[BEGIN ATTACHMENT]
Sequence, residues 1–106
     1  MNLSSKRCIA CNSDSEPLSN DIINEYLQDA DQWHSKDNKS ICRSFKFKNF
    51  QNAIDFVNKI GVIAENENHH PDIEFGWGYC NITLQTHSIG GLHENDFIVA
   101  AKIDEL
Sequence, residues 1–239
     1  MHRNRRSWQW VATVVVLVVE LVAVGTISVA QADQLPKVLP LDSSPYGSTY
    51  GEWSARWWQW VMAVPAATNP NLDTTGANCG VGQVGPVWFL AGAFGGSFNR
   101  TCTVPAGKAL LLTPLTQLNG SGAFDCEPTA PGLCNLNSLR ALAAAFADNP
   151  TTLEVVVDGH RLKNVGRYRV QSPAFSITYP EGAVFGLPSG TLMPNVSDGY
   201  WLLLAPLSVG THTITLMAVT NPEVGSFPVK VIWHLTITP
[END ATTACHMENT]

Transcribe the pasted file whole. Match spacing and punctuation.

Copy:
Sequence, residues 1–106
     1  MNLSSKRCIA CNSDSEPLSN DIINEYLQDA DQWHSKDNKS ICRSFKFKNF
    51  QNAIDFVNKI GVIAENENHH PDIEFGWGYC NITLQTHSIG GLHENDFIVA
   101  AKIDEL
Sequence, residues 1–239
     1  MHRNRRSWQW VATVVVLVVE LVAVGTISVA QADQLPKVLP LDSSPYGSTY
    51  GEWSARWWQW VMAVPAATNP NLDTTGANCG VGQVGPVWFL AGAFGGSFNR
   101  TCTVPAGKAL LLTPLTQLNG SGAFDCEPTA PGLCNLNSLR ALAAAFADNP
   151  TTLEVVVDGH RLKNVGRYRV QSPAFSITYP EGAVFGLPSG TLMPNVSDGY
   201  WLLLAPLSVG THTITLMAVT NPEVGSFPVK VIWHLTITP